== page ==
Electrical stimulation zaps premature ejaculation

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It is a problem for 25-40% of adult men, affecting up to 80 million men in the United States and Europe alone. Some 15 million of them are actively seeking treatment.

No, it’s not Covid. We are talking about premature ejaculation.

Today, there is no consistent or easy cure, only prescription creams and sprays that numb the genital area or antidepressants that delay ejaculation.

But both of these approaches can result in a loss of sensitivity, a trade-off that won’t appeal to everyone, says David Salton, CEO of the Hod HaSharon-based startup. medical virility.

Virility claims to have developed the first non-pharmacological, non-numbing technology to solve this highly private problem.

Virility’s high-tech disposable patch attaches with adhesive to the perineum, the area between the scrotum and the anus. The flexible patch adapts to the wearer’s body.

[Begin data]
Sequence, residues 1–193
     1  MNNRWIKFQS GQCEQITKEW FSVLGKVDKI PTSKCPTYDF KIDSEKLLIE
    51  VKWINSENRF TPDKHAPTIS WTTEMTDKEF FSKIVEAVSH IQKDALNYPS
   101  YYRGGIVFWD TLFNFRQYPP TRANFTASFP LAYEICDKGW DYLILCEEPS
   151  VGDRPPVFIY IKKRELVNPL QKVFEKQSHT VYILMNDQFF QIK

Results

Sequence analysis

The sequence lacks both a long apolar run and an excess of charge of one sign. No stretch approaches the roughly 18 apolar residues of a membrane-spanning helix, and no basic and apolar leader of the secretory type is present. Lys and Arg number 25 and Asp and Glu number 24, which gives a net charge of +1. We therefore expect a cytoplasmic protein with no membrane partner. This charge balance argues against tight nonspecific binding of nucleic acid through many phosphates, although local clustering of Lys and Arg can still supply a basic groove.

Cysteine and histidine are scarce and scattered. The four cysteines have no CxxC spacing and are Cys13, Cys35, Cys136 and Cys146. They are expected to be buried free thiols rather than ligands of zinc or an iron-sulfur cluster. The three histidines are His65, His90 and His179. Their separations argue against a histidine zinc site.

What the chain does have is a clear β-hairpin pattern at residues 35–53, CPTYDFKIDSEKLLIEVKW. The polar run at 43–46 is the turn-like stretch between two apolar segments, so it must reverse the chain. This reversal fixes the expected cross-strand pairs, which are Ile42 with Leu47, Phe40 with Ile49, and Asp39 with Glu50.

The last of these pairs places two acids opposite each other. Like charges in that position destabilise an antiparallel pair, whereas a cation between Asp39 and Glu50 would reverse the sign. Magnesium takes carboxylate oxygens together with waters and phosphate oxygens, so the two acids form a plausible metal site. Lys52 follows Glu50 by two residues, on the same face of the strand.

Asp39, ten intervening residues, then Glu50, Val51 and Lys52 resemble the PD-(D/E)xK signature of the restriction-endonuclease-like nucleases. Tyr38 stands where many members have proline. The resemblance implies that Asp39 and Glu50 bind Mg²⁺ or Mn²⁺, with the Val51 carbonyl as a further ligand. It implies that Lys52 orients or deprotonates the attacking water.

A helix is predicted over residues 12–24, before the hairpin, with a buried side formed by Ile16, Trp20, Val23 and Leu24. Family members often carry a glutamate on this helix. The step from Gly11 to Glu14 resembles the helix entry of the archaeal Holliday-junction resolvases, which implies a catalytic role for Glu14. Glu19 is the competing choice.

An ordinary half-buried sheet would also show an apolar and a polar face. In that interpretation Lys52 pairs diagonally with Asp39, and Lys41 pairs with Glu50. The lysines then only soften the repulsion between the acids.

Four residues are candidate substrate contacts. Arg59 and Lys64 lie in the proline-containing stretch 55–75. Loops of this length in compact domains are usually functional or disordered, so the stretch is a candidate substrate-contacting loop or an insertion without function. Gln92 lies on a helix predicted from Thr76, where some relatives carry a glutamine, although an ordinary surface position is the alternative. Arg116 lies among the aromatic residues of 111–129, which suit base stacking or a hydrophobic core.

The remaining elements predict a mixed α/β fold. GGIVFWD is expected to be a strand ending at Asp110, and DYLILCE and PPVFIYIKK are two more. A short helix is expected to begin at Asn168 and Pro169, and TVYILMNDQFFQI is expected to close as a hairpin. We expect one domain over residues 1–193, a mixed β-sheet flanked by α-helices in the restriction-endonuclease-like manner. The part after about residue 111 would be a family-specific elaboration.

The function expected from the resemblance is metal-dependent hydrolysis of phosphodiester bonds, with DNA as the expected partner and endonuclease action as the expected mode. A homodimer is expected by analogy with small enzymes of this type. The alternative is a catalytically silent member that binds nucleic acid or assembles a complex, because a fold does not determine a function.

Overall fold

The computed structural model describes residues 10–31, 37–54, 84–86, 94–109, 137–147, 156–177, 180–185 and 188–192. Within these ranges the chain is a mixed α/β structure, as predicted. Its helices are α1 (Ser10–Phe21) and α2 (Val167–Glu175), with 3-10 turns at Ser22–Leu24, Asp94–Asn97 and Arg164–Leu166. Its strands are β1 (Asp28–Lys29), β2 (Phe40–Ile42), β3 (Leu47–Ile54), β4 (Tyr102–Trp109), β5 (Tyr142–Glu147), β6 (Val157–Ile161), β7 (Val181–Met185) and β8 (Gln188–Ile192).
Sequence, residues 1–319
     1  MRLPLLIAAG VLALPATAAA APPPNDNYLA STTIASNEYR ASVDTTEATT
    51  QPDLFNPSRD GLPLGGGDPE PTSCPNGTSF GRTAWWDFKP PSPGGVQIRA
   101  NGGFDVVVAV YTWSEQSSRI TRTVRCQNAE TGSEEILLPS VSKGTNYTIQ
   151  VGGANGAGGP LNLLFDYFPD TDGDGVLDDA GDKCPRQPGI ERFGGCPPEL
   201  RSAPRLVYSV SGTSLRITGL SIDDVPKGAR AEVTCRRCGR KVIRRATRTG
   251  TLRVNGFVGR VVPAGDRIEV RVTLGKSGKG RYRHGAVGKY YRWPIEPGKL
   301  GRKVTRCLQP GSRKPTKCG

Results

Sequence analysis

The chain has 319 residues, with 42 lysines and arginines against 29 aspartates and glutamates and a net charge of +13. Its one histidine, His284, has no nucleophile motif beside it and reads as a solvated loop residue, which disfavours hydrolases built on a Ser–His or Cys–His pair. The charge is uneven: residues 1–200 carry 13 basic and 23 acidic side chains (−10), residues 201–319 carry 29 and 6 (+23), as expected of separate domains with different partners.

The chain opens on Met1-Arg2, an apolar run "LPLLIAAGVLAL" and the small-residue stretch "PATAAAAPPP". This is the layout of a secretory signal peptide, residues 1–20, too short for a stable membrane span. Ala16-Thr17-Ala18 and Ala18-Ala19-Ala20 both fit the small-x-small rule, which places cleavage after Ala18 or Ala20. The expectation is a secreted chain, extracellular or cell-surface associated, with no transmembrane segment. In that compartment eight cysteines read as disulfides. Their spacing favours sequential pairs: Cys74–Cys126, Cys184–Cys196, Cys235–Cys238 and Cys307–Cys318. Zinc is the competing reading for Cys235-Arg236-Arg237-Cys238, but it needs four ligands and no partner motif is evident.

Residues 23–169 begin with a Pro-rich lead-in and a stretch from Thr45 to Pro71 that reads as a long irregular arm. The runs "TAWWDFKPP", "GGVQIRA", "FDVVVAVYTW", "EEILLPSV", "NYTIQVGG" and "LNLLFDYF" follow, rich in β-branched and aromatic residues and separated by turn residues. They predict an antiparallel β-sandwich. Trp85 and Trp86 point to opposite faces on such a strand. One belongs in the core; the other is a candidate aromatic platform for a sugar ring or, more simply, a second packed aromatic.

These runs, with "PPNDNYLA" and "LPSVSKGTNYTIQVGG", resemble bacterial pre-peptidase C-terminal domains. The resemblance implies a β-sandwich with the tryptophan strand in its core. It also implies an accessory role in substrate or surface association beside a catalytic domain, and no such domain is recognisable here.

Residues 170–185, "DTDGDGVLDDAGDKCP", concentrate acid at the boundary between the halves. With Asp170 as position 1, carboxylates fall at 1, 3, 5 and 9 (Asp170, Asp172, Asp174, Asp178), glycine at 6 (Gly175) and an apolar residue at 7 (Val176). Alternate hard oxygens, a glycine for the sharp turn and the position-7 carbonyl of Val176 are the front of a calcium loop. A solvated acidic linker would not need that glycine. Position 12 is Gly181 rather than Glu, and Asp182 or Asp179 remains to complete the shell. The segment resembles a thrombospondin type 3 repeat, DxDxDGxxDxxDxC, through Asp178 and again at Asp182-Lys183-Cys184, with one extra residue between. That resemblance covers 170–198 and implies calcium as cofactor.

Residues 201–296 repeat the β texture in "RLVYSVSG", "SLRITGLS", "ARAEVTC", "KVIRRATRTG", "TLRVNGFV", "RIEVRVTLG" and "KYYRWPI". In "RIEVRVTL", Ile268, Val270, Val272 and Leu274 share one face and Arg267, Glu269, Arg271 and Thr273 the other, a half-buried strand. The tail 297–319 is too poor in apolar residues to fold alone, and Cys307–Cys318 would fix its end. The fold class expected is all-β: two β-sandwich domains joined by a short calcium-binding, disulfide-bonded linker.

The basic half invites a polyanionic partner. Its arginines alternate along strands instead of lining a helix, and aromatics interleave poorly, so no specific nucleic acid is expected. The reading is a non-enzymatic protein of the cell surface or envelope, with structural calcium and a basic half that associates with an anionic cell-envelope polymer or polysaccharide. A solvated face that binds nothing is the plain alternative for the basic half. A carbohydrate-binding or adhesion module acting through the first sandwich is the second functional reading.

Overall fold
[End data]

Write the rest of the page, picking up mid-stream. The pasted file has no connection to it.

When turned on (pun intended), the patch delivers an electrical stimulus to muscles in the area, inhibiting rhythmic contractions leading to orgasm.

David Salton, CEO of Virility Medical. Photo courtesy of Virility Medical

According to Salton, the company’s research shows that a potency “vPatch” can extend ejaculation time by a factor of three and a half.

How much is such a benefit worth? At least $15 per intimate session, according to studies Virility has conducted on how much men would be willing to pay.

Accordingly, this is also the offered price of a single disposable vPatch. The product will be sold in boxes of two or four patches.

Clearly, and unsurprisingly here, sex sells.

Push button activated

The vPatch can be affixed anytime, including a few hours before, so it doesn’t require an awkward break in the middle of the action.

The man wearing the device (or his partner) simply presses a button on the patch to activate it.

The vPatch is meant to be discreet – a man’s partner might not even know he’s wearing it.

Salton explains in more detail how the vPatch works. “When you want to hold and not peak, you contract the pelvic muscles. The mind controls the whole process, but with external manipulation we can help contract the muscles,” he says.